Business survey called ‘wake-up call’

A report on the business retention and expansion survey made public at a meeting last week at the Red Dog Inn has spurred individuals and groups to take action.
“It’s a wake-up call for council,” said Mayor Glenn Witherspoon, noting taxation, bureaucracy, and “red tape” are issues mentioned in the survey the town currently is trying to work on.
“The demographics of the ages of business owners, the types of businesses we have, the types of businesses we lack—this type of information can’t be put on the shelf.
“This study behooves us to do something,” Mayor Witherspoon stressed. “Without a strong business sector, you don’t have a strong town.”
“As far as I’m concerned, any criticism is constructive criticism,” said BIA president Ted DeBenetti, owner of A Buck or Two on Scott Street.
“There’s a lot of good information because of this. Now, we just have to figure out how to use it,” he added.
DeBenetti noted one issue he’d like to see develop is co-operation among businesses and groups.
“We should be working together for a common goal—to better Fort Frances,” he stressed. “We want to look at mentoring and succession. When a business is going to close, what should we do about it?”
The business retention and expansion task force was spearheaded by Crystal Godbout, development project co-ordinator at the Fort Frances Chamber of Commerce.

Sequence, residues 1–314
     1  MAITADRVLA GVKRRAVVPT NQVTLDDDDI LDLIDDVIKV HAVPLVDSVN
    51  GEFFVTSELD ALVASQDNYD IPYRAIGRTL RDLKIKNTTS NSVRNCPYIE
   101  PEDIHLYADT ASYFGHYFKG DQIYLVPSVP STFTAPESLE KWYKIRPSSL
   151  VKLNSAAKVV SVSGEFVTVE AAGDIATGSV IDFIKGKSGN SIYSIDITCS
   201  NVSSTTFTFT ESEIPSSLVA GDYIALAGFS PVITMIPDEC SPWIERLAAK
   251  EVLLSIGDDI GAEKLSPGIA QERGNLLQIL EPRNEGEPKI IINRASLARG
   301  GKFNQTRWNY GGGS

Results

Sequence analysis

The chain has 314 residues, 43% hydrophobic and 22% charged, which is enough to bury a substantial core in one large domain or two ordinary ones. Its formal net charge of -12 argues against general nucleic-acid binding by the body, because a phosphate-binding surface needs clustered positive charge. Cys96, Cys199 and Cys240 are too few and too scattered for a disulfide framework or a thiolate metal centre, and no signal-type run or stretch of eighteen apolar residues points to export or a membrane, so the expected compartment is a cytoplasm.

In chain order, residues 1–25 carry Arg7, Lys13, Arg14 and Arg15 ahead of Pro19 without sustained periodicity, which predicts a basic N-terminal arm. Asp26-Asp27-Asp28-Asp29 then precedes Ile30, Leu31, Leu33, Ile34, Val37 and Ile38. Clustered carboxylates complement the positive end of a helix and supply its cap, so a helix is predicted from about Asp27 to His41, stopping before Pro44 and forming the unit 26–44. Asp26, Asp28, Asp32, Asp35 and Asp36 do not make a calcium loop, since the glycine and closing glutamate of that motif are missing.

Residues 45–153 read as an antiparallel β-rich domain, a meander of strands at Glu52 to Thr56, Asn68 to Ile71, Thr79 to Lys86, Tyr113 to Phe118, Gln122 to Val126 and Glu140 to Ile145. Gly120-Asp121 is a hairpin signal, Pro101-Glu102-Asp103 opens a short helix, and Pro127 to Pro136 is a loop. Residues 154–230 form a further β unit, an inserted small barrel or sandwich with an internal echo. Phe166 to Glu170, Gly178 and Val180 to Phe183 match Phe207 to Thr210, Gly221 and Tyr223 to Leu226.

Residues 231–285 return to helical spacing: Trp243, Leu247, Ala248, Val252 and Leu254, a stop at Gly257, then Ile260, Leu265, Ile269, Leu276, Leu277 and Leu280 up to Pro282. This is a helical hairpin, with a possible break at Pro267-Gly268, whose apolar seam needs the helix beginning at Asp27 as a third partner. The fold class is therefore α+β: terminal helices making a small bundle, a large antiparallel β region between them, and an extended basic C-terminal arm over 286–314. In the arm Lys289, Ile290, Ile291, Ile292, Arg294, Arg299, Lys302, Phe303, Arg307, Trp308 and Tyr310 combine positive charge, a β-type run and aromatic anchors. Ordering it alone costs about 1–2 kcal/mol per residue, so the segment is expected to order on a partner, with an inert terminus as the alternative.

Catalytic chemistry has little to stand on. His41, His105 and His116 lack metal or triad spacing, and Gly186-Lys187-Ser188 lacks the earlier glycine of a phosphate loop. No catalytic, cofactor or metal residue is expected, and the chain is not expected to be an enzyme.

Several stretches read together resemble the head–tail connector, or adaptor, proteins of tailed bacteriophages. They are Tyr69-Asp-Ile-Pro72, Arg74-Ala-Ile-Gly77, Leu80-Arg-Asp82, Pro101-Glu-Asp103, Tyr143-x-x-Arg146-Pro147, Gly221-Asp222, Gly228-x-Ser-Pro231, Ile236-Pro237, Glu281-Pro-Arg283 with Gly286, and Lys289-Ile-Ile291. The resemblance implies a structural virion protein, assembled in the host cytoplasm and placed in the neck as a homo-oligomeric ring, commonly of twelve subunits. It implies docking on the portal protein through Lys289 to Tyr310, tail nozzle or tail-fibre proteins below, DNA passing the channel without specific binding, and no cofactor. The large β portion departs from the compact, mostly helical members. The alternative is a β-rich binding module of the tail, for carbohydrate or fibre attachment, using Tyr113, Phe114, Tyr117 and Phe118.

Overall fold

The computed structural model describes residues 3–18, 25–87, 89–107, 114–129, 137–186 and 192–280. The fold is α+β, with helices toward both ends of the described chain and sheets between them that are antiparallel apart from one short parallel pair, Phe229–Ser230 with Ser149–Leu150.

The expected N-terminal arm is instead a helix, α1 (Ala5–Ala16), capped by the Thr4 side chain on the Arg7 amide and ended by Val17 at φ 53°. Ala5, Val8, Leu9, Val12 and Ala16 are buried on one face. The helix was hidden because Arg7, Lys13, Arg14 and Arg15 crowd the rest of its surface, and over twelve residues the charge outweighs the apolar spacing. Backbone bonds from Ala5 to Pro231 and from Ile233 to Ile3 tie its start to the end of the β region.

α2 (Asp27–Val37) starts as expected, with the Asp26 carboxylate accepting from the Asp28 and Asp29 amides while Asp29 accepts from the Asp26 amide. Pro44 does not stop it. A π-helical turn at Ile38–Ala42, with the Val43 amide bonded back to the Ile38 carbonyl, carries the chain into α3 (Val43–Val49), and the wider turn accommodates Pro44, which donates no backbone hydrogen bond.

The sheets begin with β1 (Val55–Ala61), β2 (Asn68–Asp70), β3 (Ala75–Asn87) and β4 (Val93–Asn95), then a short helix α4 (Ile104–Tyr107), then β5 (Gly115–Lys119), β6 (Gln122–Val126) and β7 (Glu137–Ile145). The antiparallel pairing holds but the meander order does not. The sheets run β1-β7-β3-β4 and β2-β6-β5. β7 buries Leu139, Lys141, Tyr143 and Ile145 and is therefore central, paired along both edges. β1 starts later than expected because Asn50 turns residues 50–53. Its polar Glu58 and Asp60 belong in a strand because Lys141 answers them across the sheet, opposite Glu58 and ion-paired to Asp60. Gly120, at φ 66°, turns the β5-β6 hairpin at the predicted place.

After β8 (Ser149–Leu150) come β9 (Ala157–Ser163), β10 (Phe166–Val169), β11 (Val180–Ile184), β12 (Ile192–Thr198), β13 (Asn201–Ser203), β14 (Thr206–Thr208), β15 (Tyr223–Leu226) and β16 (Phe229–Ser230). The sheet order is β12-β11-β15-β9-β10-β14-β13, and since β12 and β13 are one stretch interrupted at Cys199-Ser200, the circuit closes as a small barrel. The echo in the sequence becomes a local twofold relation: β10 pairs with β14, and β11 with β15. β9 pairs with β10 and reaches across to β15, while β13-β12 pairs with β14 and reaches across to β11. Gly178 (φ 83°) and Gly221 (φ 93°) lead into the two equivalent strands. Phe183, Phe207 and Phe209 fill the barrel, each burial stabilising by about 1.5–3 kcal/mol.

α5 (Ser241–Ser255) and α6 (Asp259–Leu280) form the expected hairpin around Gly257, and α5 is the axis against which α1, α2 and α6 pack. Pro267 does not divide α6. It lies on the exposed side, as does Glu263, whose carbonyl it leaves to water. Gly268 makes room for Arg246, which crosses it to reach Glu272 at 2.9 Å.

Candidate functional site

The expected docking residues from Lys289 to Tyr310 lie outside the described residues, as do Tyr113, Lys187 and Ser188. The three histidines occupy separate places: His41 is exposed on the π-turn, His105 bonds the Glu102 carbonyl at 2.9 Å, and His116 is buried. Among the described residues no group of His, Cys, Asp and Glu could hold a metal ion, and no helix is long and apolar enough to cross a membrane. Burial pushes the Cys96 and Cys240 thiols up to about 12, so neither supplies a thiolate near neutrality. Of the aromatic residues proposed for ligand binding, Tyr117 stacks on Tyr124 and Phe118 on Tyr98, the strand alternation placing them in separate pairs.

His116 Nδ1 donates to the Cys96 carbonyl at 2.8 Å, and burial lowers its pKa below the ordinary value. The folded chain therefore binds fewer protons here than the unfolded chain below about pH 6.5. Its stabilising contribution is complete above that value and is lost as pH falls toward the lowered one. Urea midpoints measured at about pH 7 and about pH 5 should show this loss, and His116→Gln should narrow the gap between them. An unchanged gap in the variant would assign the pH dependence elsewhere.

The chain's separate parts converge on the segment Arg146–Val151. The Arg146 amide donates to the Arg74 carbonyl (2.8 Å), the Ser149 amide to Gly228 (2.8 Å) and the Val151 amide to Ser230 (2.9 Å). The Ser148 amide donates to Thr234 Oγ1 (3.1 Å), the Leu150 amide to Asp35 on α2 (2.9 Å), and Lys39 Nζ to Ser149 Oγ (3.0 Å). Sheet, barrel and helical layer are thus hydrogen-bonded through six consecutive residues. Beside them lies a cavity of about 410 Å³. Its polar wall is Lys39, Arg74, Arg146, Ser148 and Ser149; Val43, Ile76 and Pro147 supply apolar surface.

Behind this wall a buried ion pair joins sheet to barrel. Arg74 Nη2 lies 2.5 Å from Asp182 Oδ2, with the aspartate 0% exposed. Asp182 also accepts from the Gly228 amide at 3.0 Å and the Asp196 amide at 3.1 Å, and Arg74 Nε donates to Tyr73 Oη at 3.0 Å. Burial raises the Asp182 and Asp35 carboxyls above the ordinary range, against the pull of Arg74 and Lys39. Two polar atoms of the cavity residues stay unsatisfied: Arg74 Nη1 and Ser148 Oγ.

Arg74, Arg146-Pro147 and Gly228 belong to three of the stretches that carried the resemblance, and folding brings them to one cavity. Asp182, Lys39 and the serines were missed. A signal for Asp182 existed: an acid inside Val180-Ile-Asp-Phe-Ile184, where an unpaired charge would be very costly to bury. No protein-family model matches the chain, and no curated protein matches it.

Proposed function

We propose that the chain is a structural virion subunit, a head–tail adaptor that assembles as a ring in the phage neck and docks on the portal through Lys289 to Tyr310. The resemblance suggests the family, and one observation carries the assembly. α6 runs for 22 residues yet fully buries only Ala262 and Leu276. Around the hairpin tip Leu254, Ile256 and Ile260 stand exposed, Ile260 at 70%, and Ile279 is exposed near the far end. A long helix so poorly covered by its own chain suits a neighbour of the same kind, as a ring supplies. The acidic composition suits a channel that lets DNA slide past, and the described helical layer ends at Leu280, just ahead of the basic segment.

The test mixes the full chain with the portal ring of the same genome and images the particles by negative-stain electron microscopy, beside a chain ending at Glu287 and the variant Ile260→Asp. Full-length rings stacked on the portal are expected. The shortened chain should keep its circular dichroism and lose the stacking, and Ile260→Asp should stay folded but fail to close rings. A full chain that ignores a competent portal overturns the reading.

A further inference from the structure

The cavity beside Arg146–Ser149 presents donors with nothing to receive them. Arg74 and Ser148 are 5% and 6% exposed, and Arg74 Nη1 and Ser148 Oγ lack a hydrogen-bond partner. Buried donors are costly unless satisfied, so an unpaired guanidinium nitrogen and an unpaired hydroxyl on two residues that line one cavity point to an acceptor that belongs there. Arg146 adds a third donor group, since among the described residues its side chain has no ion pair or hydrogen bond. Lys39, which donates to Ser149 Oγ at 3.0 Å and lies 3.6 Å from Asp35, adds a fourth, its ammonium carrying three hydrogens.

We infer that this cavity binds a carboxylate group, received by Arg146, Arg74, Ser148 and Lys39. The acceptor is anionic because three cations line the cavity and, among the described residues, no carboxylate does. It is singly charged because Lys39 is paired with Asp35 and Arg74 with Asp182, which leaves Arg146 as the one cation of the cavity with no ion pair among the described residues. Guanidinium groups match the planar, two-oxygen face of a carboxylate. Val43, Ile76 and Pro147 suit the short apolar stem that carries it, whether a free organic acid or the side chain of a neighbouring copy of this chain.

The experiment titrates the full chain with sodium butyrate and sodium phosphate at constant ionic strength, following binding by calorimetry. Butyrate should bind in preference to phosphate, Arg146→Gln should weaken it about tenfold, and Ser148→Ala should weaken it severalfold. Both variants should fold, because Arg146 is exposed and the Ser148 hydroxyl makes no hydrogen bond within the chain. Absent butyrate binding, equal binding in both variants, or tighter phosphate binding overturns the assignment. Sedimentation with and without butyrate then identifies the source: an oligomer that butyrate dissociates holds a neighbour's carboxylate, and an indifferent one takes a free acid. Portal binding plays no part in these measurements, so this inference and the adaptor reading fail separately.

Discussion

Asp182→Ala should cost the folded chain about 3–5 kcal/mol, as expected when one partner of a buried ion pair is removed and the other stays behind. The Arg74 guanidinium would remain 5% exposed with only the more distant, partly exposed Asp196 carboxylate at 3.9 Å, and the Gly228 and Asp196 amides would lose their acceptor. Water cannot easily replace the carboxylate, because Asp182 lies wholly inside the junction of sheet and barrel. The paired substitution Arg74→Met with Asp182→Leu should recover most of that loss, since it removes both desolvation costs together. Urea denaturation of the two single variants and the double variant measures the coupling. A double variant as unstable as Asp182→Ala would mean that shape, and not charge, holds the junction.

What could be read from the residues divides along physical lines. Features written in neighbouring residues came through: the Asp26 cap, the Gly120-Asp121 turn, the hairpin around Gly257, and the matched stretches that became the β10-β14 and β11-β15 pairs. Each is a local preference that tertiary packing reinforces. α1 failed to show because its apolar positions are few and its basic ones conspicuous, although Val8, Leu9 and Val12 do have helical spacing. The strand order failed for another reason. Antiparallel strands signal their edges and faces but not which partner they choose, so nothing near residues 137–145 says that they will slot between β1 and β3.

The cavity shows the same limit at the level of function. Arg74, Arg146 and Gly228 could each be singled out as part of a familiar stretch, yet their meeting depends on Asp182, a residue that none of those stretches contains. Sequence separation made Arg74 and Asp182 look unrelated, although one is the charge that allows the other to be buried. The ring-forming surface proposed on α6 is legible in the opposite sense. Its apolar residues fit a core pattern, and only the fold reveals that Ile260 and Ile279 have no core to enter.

The survey was conducted in June and July, with 54 local businesses participating. Godbout then compiled and analyzed the survey results over August and September through the use of a database.
She said the survey was a lot of work but definitely worthwhile.
“They seem to think there was a lot of good information in the report, and I think so, too,” Godbout remarked. “One good thing is we had no ‘red flag’ issues that needed immediate attention.”
Godbout noted many of the businesses surveyed had some common opinions, both negative and positive. “A lot of businesses feel we need better telecommunications. And there’s a lack of parking,” she said.
“Overall, businesses also said they didn’t have any problems finding employees—which is good,” Godbout added. “Some said they found some employees lacking certain job skills, but these were specific to those businesses.”
Godbout noted the information gleaned through the survey will be the basis of a meeting in January between the Chamber of Commerce, BIA, town, and the Rainy River Future Development Corp.
“We hope to develop an action plan and maybe look into solving some of the issues,” she said.
Business retention and expansion has been implemented in hundreds of rural and urban communities in the United States for a number of years. It was introduced in Ontario on a pilot basis in 1998.
Fort Frances is one of the first communities doing such a research project on its own.
Other communities across the province also have seen positive results, said Godbout, citing a more business-friendly attitude, new local investment, more jobs, fewer barriers to development, and facilitated access to financing.